It gives the following examples:

  • A dividend in respect of the asset is paid to the instalment trust (ie, the bare/holding trustee). Under the new law the dividend is treated as if it had been paid directly to the investor.
  • A trustee of an instalment trust (ie, the bare/holding trustee) disposes of the instalment trust asset. Under the new law any capital gain or loss is made by the investor, not by the trustee.

Also, although the changes were inserted into the income tax legislation, they also extend to GST. For example, the recently inserted s 235 820(5) of the Income Tax Assessment Act 1997 (Cth) contains the following example:

If the trustee [of the instalment trust] has a net input tax credit under the GST Act, the [SMSF] must apply the credit to reduce the investor’s cost base for the instalment trust asset (even if the [SMSF] is not registered or required to be registered for GST purposes).

In truth though, many were not too excited by the passing of the Tax and Superannuation Laws Amendment (2015 Measures No. 2) Act 2015 (Cth) as it simply confirmed what has already been industry practice for many years.

Related party lending

Naturally, it is possible for the lender to an SMSF to be a related party.

In 2010, in Australian Taxation Office Interpretative Decision ATO ID 2010/162 the ATO stated that ‘there is no contravention of section 109 of the SISA if the terms [of a related party SMSF loan] are more favourable to the SMSF [than had the parties been at arm’s length].’

Then, the NTLG Superannuation Technical minutes of June 2012 record that the following two questions were put to the ATO:

If a related party lender offers a discounted rate of interest to an SMSF under a section 67A borrowing arrangement, would the discount be considered a contribution received by the SMSF?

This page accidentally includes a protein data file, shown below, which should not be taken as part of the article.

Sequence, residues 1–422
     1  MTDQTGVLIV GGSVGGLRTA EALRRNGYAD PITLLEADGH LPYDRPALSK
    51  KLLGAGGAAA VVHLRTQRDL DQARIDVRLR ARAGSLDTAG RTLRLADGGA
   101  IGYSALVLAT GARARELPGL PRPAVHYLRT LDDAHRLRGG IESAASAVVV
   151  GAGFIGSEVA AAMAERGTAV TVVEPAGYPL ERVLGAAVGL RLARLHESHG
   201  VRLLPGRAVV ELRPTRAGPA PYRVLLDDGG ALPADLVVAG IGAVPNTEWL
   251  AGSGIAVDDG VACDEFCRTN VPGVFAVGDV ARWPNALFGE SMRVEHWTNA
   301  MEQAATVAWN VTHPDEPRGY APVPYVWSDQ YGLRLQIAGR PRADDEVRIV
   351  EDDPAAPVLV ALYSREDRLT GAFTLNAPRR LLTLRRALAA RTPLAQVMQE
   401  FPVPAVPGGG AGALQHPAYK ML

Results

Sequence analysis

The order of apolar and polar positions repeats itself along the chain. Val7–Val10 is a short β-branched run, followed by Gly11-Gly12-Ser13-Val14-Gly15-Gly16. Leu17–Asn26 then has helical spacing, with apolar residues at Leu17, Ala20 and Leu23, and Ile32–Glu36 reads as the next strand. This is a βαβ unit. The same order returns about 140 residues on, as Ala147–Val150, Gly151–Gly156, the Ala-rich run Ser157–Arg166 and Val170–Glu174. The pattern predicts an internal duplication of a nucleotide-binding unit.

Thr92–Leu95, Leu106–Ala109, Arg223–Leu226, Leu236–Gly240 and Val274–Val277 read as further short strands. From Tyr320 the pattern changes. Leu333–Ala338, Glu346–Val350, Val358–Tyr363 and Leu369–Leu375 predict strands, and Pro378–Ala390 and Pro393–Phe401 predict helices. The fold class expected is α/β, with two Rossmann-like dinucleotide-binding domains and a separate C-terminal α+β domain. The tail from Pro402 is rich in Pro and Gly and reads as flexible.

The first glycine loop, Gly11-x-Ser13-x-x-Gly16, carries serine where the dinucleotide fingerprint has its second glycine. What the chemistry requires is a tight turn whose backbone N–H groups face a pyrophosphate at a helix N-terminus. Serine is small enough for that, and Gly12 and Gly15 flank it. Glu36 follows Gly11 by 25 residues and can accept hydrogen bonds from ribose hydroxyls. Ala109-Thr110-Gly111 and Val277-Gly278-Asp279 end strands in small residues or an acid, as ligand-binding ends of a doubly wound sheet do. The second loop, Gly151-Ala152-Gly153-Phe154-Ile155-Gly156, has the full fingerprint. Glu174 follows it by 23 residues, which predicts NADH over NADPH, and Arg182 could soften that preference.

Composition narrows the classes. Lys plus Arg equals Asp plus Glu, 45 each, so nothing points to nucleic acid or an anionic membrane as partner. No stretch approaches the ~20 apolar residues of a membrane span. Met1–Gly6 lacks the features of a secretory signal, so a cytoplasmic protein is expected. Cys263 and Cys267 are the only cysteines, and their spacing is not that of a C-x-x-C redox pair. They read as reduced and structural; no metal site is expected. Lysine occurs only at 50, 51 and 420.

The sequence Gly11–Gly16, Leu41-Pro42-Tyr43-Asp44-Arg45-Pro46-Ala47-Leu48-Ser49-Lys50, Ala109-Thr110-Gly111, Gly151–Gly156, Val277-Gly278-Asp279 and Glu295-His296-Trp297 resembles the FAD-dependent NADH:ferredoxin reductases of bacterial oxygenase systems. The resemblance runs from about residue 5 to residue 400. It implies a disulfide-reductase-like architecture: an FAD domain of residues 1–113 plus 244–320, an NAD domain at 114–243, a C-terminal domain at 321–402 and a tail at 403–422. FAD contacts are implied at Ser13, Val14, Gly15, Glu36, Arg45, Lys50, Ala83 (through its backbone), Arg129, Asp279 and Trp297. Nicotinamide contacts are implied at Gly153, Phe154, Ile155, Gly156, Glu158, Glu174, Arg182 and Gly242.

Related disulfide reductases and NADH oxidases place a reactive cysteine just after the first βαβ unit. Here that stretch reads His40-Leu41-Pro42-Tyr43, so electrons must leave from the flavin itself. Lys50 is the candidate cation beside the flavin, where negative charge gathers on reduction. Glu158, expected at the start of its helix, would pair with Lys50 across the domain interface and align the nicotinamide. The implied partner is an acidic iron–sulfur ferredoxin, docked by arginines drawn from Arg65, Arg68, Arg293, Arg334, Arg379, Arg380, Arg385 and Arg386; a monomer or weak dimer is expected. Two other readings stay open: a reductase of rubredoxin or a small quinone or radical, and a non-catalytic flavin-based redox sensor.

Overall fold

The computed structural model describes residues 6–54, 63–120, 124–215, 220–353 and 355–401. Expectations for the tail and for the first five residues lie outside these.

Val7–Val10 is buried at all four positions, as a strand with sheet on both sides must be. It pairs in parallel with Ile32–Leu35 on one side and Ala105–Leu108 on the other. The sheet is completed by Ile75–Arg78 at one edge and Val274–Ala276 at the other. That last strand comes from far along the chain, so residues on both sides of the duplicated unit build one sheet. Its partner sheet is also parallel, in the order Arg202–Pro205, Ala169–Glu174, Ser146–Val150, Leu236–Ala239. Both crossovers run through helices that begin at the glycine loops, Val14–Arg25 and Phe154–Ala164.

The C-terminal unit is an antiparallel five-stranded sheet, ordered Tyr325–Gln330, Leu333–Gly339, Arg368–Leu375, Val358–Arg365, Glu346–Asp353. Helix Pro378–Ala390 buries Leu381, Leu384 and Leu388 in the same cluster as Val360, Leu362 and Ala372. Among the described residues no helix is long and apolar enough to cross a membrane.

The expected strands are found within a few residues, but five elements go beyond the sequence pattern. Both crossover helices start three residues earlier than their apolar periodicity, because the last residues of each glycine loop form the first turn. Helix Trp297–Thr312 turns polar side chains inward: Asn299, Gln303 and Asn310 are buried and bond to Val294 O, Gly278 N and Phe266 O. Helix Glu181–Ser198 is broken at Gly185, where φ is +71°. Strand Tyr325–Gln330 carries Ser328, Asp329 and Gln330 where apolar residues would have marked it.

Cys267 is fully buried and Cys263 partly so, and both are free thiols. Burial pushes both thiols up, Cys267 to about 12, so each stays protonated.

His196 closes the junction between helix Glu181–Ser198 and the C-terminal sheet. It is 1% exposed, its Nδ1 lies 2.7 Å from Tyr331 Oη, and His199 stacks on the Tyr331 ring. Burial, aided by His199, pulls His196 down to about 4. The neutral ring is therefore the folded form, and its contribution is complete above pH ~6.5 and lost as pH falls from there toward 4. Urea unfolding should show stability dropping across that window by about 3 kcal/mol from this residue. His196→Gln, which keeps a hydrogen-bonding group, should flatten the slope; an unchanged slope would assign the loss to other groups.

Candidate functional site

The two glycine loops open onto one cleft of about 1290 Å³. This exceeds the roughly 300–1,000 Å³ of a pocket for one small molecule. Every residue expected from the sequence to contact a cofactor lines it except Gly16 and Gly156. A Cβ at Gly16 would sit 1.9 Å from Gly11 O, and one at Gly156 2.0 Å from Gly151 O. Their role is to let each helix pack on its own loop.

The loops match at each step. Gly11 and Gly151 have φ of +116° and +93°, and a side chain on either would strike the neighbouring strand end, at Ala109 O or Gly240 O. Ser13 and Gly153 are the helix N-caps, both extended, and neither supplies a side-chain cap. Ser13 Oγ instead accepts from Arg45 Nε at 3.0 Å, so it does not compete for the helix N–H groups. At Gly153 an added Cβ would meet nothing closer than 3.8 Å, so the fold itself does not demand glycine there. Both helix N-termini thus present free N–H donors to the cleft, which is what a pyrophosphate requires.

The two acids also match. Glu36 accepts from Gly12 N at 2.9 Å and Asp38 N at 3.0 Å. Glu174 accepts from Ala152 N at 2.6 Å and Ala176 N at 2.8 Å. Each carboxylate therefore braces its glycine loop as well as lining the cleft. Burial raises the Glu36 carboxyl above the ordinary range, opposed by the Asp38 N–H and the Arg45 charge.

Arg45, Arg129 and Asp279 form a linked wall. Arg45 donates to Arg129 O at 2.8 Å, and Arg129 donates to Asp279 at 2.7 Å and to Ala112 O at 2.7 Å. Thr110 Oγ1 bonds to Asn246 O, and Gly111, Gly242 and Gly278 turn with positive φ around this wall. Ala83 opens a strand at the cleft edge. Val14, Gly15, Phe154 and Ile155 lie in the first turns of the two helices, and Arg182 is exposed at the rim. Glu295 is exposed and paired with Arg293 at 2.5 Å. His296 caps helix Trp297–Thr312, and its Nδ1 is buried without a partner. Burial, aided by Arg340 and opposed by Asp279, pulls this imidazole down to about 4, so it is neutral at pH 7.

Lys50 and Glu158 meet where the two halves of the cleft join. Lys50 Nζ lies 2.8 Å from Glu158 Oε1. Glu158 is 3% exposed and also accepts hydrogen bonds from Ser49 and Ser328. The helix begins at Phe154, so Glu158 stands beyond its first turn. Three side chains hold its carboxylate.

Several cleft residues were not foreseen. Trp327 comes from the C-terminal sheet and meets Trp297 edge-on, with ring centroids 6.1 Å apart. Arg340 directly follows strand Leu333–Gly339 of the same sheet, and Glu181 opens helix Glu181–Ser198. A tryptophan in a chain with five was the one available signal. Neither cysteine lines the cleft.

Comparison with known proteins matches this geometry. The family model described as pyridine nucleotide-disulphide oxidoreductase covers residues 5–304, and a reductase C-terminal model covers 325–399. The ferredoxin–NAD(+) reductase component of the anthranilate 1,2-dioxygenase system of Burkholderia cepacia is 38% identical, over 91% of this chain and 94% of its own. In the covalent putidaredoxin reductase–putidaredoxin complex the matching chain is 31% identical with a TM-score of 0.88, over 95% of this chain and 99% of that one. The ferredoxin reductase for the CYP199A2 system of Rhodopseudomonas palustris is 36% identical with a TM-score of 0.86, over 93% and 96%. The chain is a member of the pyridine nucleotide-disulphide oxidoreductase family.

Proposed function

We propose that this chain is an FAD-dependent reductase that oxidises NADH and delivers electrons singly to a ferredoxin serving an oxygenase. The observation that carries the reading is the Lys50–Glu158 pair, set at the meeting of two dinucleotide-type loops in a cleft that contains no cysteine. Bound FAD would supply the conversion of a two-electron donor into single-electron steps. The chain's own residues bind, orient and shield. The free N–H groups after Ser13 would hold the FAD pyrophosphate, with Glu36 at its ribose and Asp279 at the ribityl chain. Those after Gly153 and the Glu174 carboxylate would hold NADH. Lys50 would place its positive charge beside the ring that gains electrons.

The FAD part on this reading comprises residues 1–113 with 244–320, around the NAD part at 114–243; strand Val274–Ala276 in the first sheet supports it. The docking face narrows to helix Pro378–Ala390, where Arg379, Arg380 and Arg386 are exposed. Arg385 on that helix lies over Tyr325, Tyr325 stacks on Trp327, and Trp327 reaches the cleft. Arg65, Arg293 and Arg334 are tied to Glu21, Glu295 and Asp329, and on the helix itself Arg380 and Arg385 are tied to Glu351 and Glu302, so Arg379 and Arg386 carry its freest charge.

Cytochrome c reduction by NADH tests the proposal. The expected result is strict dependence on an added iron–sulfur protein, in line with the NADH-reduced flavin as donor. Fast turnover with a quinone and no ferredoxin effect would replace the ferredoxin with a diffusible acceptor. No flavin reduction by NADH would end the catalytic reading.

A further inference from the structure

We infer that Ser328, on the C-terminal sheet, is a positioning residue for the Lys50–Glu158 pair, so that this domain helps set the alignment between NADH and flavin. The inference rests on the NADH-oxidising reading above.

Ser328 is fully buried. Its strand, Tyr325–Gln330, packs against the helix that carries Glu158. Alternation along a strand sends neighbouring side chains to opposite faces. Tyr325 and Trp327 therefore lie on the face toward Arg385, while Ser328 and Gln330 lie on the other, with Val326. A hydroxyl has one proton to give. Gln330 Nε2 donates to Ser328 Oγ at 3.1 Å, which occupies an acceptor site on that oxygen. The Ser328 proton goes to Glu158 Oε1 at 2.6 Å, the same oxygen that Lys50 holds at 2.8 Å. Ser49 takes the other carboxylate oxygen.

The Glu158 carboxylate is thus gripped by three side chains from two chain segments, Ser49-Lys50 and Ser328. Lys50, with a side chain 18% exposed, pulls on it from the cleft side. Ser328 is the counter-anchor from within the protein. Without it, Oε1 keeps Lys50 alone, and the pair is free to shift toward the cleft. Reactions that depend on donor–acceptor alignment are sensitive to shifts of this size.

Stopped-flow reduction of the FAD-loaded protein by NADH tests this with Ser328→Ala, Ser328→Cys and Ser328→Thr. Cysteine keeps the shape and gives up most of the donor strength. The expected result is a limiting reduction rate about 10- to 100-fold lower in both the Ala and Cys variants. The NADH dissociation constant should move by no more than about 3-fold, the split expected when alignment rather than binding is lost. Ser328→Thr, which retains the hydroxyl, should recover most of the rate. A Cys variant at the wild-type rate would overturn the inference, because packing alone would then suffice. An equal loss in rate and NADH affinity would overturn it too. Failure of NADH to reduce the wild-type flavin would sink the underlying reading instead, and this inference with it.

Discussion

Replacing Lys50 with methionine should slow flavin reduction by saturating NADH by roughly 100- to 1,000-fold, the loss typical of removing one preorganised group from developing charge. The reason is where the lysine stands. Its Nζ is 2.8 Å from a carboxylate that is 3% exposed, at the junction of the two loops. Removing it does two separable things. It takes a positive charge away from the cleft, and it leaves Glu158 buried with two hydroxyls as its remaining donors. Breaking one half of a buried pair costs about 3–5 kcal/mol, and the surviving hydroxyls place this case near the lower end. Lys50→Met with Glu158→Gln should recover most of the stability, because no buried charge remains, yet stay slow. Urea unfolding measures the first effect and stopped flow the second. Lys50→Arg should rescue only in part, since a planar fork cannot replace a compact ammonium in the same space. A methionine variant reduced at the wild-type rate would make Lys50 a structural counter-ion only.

Can an SMSF enter into a borrowing arrangement … with a related party if a zero rate of interest is charged by the related party lender and only principal repayments, with no imputed interest, are made throughout the loan term in accordance with the loan agreement?

The ATO answered both in terms favourable to taxpayers (ie, no to the first and yes to the second).

Further, in the general NTLG minutes of December 2012, the ATO stated:

The ATO position on low rate loan arrangements and LRBA is that that they do not generally invoke a contravention of the SISA, do not give rise to non-arm’s length income under section 295-550 of the Income Tax Assessment Act 1997 (ITAA), do not invoke Part IVA of the ITAA 1936 and are not considered to give rise to contributions to the SMSF just from that one fact alone.

Accordingly, many had read this as being a ‘carte blanche’ for low — or even nil — interest related party LRBAs. At DBA Lawyers we had never been a fan of such arrangements and of course ATO comments in NTLG minutes are not binding.

Then, in December 2014 the ATO released Australian Taxation Office Interpretative Decisions ATO ID 2014/39 and ATO ID 2014/40. These both considered related party LRBAs with nil interest being charged and both stated that the ATO’s view is that the arrangements did give rise to non-arm’s length income.

Accordingly, the position that DBA Lawyers has long been in favour of is now broadly well accepted by all, namely, that related party LRBAs should be on the same terms that would be agreed with an arm’s length lender.


The last year has shown that LRBAs are here to say (at least for the foreseeable future), but we must be just as careful as ever in their set up. This care includes ranging from ensuring that a bank will lend, up to ensuring that — where there is a related party — the terms of the loan are reflective of what is arm’s length.

This article is for general information only and should not be relied upon without first seeking advice from an appropriately qualified professional.


Bryce Figot is a lawyer at DBA Lawyers and can be contacted here.